Hills said he drew on his play two years ago (in fact, it was nearly two years to the day, Oct. 13, 2012 versus Virginia, that he threw his last touchdown pass), on Saturday under duress. He said his main objective was to take care of the football, especially a few times buried in his own red zone.

"I definitely wasn't worried, I have been out there before, and as someone said it's not my first rodeo," Hills quipped. "The main thing Coach tells us every game is take care of the ball. That's gonna tell if we are going to win or lose, if we take care of the football."

Hills would finish the day 5-of-10 for 86 yards, one touchdown and no picks and no sacks. He also rushed three times for 15 yards. With the tenuous nature of the quarterback/health situation looming again, Hills will have to stay ready.

Said the starter Brown post-game of his new backup, now that Rowe is lost for the season:

"Perry was able to come in today and be successful," Brown said. "It's definitely a credit to him and the work he has put in. He has been there before, he has won games for us, and in that quarterback room we all have confidence in him, Coach Locks all the way up to Coach Edsall. I mean everyone. He did a great job."

Hills now has to adjust to another new role at College Park, one of relevancy again after almost being a forgotten man. At one point Saturday, new third-string quarterback Shane Cockerille was seen warming up on the sidelines, and the Terps have some sub packages for him in case, too.

"I've always been waiting for an opportunity as anyone would be," Hills said. "It was really tough on me from going from starting quarterback to redshirting and scout and that was really tough on me. But staying mentally into it was the biggest thing for me."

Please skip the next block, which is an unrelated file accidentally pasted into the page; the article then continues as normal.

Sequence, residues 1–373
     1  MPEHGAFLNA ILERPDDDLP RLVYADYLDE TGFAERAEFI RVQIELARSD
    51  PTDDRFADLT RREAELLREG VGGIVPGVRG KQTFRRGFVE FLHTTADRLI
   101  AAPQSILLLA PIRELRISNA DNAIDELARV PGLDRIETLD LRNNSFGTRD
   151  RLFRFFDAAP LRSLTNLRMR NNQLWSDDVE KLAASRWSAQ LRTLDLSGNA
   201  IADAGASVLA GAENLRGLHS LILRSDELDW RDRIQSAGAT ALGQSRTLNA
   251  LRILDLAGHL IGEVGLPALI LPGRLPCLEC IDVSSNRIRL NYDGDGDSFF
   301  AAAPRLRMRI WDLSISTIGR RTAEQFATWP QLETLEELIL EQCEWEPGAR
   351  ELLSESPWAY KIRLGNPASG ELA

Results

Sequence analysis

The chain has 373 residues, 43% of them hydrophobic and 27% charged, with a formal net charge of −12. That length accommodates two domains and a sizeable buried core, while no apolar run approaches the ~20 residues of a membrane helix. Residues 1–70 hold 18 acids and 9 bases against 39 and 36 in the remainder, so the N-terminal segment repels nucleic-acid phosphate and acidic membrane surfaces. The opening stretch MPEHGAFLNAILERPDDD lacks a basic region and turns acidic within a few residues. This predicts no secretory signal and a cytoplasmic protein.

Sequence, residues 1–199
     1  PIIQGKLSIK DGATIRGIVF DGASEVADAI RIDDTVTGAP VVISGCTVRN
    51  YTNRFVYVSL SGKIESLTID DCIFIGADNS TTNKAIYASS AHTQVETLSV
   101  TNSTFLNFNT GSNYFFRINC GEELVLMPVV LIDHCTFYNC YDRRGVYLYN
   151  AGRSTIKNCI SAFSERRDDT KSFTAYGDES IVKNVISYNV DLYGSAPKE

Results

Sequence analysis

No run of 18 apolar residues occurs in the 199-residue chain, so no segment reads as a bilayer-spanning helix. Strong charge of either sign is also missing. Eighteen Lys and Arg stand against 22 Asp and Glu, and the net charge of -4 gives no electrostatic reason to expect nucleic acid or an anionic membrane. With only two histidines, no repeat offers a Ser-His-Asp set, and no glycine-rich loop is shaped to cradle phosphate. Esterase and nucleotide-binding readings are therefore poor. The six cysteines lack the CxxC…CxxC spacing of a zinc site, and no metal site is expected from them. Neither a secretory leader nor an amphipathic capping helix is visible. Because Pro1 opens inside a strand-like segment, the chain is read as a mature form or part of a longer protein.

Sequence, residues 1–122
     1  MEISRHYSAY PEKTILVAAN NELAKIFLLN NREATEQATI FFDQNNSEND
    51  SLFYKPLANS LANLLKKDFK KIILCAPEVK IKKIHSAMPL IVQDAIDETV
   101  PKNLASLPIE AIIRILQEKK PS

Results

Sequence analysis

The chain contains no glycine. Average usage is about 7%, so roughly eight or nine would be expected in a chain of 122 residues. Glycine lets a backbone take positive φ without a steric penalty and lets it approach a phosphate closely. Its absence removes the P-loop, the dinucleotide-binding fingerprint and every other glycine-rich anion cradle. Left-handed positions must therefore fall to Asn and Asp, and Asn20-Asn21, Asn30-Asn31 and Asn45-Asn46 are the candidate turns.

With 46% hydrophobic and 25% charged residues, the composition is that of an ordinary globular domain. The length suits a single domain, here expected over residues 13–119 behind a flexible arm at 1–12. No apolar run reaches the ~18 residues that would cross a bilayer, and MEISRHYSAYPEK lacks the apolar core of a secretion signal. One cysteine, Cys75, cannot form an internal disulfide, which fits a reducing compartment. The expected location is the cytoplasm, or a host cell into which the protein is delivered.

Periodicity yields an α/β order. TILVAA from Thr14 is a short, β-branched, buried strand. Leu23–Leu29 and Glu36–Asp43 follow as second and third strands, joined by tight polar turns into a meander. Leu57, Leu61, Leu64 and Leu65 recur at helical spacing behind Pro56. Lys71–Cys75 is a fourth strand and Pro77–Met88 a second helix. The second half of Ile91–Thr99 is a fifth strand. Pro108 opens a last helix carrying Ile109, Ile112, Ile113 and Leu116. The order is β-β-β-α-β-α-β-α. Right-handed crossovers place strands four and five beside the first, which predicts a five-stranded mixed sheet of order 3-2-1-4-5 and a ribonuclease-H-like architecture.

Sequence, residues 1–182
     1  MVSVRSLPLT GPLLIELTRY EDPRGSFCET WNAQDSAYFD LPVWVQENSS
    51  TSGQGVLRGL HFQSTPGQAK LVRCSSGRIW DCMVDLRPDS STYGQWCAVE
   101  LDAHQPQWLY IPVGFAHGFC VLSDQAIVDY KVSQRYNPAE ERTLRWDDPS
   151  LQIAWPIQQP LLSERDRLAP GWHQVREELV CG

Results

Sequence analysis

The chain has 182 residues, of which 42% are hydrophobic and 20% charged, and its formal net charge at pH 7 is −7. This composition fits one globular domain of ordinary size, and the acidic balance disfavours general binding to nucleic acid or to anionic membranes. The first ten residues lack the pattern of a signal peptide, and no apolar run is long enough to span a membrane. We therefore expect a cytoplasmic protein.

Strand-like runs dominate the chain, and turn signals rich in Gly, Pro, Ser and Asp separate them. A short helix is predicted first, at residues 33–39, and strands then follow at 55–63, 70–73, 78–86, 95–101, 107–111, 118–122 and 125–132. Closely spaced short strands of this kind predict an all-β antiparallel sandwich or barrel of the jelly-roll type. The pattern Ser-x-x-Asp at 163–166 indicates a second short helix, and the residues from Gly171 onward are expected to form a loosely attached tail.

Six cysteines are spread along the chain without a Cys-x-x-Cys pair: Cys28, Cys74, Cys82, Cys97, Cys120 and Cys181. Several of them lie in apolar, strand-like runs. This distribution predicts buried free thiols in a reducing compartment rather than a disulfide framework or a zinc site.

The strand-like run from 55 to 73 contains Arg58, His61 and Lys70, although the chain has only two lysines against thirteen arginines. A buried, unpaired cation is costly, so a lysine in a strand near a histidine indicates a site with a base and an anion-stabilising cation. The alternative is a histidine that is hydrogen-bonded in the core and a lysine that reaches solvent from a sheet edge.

Hills said at times Saturday, on the downside, he was "over-thinking things." Next time he said he will settle down quicker. But the Diggs splash play was huge for him and the team's confidence, just like the Will Likely 'pick-six,' to break open the game in the Terps favor.

"I was going crazy the whole way down the field. First time being back out there and Stefon takes the ball, what 53 yards? Wonderful," Hills said.

On bouncing back after so much early adversity in games, not to mention all the injury adversity, Hills said he was "heartbroken" for Rowe going down earlier in the week since he was there before, himself. He thought the hit on Brown versus Iowa was a late one as well.

Hills has added 10 pounds and toned up his body from his freshman year, the last time the media met with him. Even in the spring it was a struggle for him, bouncing back and forth between third and fourth string at times with Cockerille.

"I was worried for his [Brown's] health, but then I had to get ready to go in," Hills said of the life as a backup, now one higher on the ladder.

And like every game, playing or not, Hills' parents were in the stands as they always are, and took him out to dinner post-game, he said. Seemed like 2012 all over again, for a brief moment on Saturday at Homecoming, as Hills was back in the fray.